Nations must be 'absolutely vigilant' about inflation
Wednesday Oct 13th, 2021
Nations must be 'absolutely vigilant' about inflation, says IMF
Business reporter, New York
The global economy contracted sharply in 2020, but rebounded strongly in the first half of this year as countries unlocked.
However, in its latest World Economic Outlook, the IMF said "momentum had weakened" since then as the highly transmissible Delta variant of coronavirus stopped "a full return" to normality.
IMF chief economist Gita Gopinath said one of the biggest problems was high inflation, particularly in the UK and US where it is running at 3.2% and 5.3% respectively.
This was partly due to a "mismatch between demand and supply", but also in the case of the UK soaring gas prices.
She said inflation was likely to stabilize in most placed by mid-2022, although it would take until 2023 in the UK. However, she central banks "should absolutely be vigilant about what's happening".
Ms. Golpinath also blamed the slowdown on continued health risks and supply chain disruption, warning that "risks to economic prospects have increased".
The IMF cut its projection for global growth in 2021 only marginally to 5.9%, but said it masked large downgrades for some rich countries.
Notably it expects the world's largest economy, the US, to grow by only 6% this year, down from the 7% the fund forecast in July.
It said Japan and Germany, the third and fourth largest, would expand by 2.4% and 3.1% respectively - down from 2.8% and 3.6%.
"These divergences are a consequence of the 'great vaccine divide' and large disparities in policy support," Ms Gopinath said.
"While over 60% of the population in advanced economies are fully vaccinated and some are now receiving booster shots, about 96% of the population in low-income countries remain unvaccinated."
The hit to these countries' living standards would be "much higher" now, she told the BBC.
On fiscal policy, the IMF said countries would have to tread fine between controlling inflation and giving their economies enough stimulus to recover.
It said that debt in many countries was at record levels due to emergency pandemic spending, and employment remained significantly below pre-pandemic levels.
The UK's economy is forecast to grow by 6.8% this year, down from the previous forecast of 7%.
However, the IMF expects most advanced economies to return their pre-pandemic growth trends next year as supply chain issues ease, and to exceed it by about 1% in 2024.By contrast, it said emerging and developing economies (excluding China) could fall back and remain 5.5% below their pre-pandemic forecast by 2024.
The post lockdown recovery is getting messy. That is the message from the IMF's twice yearly review of the world economy.
"Longer than expected" supply disruptions are feeding into inflation, and led to downgrades to growth this year for the US and UK. The biggest impact though has been felt in developing economies where a lack of vaccinations, and exposure to rising commodity and food prices has hit prospects.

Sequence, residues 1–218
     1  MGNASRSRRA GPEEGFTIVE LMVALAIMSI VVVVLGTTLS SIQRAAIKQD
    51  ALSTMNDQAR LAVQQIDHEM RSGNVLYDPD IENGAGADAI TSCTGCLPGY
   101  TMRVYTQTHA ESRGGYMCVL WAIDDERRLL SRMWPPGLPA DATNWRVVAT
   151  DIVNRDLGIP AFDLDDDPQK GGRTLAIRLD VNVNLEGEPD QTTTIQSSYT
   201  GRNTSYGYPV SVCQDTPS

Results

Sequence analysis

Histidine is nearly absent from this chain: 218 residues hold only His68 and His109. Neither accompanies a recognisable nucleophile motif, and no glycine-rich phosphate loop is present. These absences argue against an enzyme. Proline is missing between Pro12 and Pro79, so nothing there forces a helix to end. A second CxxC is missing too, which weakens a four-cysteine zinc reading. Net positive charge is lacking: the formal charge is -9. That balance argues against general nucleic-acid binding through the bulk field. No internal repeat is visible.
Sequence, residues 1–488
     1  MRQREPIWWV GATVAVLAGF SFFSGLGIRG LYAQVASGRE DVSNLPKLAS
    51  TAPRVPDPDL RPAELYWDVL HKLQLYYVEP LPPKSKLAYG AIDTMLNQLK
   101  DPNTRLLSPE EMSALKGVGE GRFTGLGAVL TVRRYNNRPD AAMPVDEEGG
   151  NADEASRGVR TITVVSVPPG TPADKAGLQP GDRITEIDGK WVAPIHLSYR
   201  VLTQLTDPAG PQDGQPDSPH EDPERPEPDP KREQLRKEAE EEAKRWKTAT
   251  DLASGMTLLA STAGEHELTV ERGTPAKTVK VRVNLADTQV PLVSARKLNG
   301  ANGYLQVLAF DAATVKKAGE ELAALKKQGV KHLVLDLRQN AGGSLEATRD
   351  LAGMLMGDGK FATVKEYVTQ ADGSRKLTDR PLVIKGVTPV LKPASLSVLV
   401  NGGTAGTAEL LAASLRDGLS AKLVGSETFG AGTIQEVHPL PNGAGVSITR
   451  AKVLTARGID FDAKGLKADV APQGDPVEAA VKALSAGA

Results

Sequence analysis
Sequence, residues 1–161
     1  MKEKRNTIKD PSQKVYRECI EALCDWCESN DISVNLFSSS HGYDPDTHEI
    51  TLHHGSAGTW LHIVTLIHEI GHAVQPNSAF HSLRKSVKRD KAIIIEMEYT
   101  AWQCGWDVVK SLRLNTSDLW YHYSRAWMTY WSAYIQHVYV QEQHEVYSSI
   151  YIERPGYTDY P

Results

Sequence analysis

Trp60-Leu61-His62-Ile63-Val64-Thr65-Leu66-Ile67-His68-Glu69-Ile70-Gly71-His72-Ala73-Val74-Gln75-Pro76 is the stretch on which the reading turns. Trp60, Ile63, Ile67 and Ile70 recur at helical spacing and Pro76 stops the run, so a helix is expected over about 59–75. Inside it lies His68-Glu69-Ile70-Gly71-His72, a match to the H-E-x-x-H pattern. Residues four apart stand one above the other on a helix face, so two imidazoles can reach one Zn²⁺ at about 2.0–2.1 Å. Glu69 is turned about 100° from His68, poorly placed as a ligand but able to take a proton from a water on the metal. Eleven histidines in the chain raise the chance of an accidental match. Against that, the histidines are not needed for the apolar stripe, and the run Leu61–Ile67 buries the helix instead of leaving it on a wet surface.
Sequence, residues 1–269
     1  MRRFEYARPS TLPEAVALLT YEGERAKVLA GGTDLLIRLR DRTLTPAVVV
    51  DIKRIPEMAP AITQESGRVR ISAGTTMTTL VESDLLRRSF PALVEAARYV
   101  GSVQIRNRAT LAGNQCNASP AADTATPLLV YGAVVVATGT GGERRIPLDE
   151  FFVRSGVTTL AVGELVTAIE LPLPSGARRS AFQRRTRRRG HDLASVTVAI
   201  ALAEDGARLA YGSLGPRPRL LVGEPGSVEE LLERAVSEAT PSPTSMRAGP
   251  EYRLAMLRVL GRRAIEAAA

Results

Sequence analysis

While global inflationary pressures should abate in general in the middle of next year, the IMF groups the UK alongside the US and some emerging economies as places where there are "upside risks" from rising prices.
The biggest risk is, of course, a resurgence of Covid variants, especially in countries with slow vaccination progress. The UK's vaccine rollout success is singled out in contributing to a rebound in the economy.
After a sharper downgrade to 2021 prospects for the US than UK, the PM and chancellor will be able to claim the IMF is predicting Britain has the highest growth in the G7 this year.
This should be taken with a pinch of salt. Certainly ground that was lost is being made up, but a bigger fall than any other G7 nation in 2020, because of having suffered the worst pandemic first wave, makes a reopening of the economy appear like a boom. Argentina is growing even more than the UK, but it also lost just under a tenth of the value of its economy last year.
But the big picture is now supply problems and price rises. The problem is that it makes central banks, including the Bank of England, more likely to raise interest rates more quickly.
Georgieva to stay
Ms Georgieva's future as IMF managing director had been in doubt following a damning report prepared by the law firm WilmerHale for the World Bank's board about data irregularities in the bank's now-cancelled "Doing Business" report.
It alleged that Ms Georgieva and other senior officials applied "undue pressure" on bank staff in 2017 to make changes to boost China's ranking in the report. This was at a time when the bank was seeking Beijing's support for a major capital increase.
Ms Georgieva had won the support of France and other European governments last week, but US and Japanese officials pushed for a more thorough review of the allegations, according to reports.
On Monday, US Treasury Secretary Janet Yellen said the report raised "legitimate" concerns, but "absent further direct evidence" there was no basis for a change of leadership at the IMF.
Ms Georgieva said: "This has obviously been a difficult episode for me personally. However, I want to express my unyielding support for the independence and integrity of institutions such as the World Bank and IMF; and my respect for all those committed to protecting the values on which these organisations are founded."